Blue Butterflies glass tray
Eugène Séguy (1889-1985), was one of the most important French designers of the early 20th century, working primarily withing the Art Deco and Art Nouveau frameworks. He held a chair of entomology at the Muséum national d'histoire naturelle in Paris from 1956-1960. Known for his textiles work, he produced extremely rare portfolios featuring butterflies using the pochoir technique.
Pochoir was a time-consuming process but resulted in deep, rich colors. The geometric designs of Art Deco were ideal for stenciling and the technique became something of a fad with French fashion publishers. Photography was often used to print the primary outline and then, the colors added with a brush through zinc or aluminum stencils. In the twentieth century it was used by artists like Kitaj, Warhol, Leger, Chagall, Georges Braque and Pablo Picasso. Currently the graffiti artists, especially in the US, Mexico and France have adopted this procedure with spectacular results. Geometric Art Deco designs were ideal for stenciling and technology became a fad with French fashion editors.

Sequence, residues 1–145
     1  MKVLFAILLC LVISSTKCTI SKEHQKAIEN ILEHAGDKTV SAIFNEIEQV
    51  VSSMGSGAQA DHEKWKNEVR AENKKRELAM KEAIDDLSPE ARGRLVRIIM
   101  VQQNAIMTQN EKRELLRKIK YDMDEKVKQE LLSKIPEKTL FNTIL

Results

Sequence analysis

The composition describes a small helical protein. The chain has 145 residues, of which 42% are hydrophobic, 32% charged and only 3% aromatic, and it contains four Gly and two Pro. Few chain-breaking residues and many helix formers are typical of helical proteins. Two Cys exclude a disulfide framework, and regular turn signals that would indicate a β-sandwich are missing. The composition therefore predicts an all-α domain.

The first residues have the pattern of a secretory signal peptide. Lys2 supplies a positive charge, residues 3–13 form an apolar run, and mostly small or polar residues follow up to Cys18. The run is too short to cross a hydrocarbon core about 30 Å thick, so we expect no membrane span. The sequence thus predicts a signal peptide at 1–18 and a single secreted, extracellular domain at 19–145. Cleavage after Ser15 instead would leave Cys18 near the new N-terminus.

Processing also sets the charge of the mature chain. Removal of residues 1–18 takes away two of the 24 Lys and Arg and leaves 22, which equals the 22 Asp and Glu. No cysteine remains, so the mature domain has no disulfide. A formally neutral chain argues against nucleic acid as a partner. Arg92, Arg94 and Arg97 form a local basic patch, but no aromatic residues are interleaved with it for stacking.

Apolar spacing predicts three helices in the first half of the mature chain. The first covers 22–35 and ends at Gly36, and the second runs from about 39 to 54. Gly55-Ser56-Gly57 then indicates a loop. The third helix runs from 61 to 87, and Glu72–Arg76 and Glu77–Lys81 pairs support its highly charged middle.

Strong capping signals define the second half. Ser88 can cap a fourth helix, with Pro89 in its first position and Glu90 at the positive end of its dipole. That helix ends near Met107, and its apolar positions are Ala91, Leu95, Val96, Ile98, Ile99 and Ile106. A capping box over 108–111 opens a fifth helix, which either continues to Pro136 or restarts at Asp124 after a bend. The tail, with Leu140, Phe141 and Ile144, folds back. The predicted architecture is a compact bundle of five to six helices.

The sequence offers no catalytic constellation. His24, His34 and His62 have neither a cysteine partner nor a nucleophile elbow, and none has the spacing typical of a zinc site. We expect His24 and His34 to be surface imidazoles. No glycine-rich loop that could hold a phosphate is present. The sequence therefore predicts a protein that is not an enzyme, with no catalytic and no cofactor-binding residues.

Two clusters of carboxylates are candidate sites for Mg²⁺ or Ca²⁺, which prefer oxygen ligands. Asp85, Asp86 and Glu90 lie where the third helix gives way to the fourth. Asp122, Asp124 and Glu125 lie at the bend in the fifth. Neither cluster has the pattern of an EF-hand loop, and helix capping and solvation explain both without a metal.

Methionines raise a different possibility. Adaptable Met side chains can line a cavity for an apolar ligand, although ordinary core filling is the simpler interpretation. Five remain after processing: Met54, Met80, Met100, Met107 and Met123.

In the potichomania process, the glass acts as both a foundation and protective finish, saving the step of varnishing. The original intent was to recreate Greek and Etruscan vases by simulating rare and expensive Sevrés porcelain.
©2018 Why Girls Go Astray. All rights reserved.
This tray measures approximately 6x6 inches. The relative thinness of the tray – just over 1/8” thick – belies the complexity of the potichomania process. Each of our trays is comprised of a glass tray, three layers of 28# paper, four coatings of varnish, and finished with two coats, each of paint and clear acrylic spray. We’ve added a high-quality felt pad on the bottom in order to protect your home surfaces.
Care: Please spray with a gentle glass cleanser and wipe clean. Do not submerge in water. For decorative purposes only.
©Why Girls Go Astray. All rights reserved.